This week two important documents were made available to the public: a report on the U.S. use of torture after 9/11 and an interim report on Christie administration activities leading up to and following the gubernatorial election. U. S. Senator Dianne Feinstein said that the objective of making her committee’s report public was “To never let this happen again.” Assemblyman John Wisniewski and Sen. Loretta Weinberg, co-chairs  of the NJ Legislative Select Committee on Investigation, said much the same thing, “If not for this work, the public may never have become aware of this threat -and this abusive behavior could have continued.”

As one might expect people have attacked both reports. CIA vehemently accuses the well-documented federal report of inaccuracies. Sen. Mark Udall countered with “The C.I.A. is lying.” Republican Senator Kevin O’Toole, not for the first time created a tantrum and raised his voice in anger to the co-chair, “”This is not North Korea, John, this is America.” Such an absurd allusion needs no response.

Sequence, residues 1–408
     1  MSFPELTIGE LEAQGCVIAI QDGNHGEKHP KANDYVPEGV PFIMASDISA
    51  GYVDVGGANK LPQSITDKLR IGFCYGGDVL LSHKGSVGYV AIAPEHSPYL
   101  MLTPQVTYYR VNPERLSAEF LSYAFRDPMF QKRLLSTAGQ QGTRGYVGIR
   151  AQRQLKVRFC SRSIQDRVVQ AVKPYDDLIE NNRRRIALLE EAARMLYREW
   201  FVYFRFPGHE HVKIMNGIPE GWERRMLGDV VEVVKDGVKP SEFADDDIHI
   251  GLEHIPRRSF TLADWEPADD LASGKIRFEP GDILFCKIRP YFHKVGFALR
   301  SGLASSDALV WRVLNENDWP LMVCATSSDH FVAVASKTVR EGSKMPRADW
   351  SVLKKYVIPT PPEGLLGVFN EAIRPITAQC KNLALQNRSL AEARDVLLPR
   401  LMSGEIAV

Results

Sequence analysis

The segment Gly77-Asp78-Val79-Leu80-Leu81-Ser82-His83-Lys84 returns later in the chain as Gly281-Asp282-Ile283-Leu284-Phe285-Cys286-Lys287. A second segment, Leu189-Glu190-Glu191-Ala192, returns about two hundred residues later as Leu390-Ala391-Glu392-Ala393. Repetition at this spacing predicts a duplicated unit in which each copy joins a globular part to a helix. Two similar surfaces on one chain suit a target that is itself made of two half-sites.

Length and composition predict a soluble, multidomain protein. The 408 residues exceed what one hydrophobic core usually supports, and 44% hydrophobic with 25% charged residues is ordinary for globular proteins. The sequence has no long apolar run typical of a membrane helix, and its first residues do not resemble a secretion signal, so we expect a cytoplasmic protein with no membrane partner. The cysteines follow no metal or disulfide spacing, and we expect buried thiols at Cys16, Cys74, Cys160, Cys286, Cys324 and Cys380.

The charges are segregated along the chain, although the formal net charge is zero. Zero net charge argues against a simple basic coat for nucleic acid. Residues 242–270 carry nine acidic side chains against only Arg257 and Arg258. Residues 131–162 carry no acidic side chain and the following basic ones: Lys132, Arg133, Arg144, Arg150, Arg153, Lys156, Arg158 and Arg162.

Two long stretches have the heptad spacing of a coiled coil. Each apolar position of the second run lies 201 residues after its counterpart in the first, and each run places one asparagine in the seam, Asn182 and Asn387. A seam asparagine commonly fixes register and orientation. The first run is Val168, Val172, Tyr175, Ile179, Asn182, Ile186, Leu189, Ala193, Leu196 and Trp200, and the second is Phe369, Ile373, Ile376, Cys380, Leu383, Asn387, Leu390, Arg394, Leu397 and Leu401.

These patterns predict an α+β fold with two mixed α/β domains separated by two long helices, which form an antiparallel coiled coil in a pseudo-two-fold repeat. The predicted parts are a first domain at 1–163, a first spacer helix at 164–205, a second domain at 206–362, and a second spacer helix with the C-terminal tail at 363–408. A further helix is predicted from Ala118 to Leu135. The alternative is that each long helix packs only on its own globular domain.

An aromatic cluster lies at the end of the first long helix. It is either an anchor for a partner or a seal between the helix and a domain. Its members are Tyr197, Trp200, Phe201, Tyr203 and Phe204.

Although both documents increase transparency and bring to the fore important issues, there is one significant difference. The federal report deals with activities that took place some ten years ago. Civil suits may result from the detailing of torture, but it appears the Attorney General will not seek to punish perpetrators. In New Jersey, however, the Federal Attorney is undertaking a Bridgegate investigation.

According to unidentified NBC sources Bridgegate-related charges may be filed against some six individuals as early as next month. In the Feinstein’s case we have President Obama’s executive order in 2008 ending such torture, which can be rescinded or altered by a later President, but with no charges being pressed. In New Jersey, we have Gov. Christie’s Executive Order closing down the intergovernmental department at the heart of Bridgegate, but more importantly the hope that through the justice system people who violated laws will be punished, further strengthening the likelihood that we will “Never let this happen again.”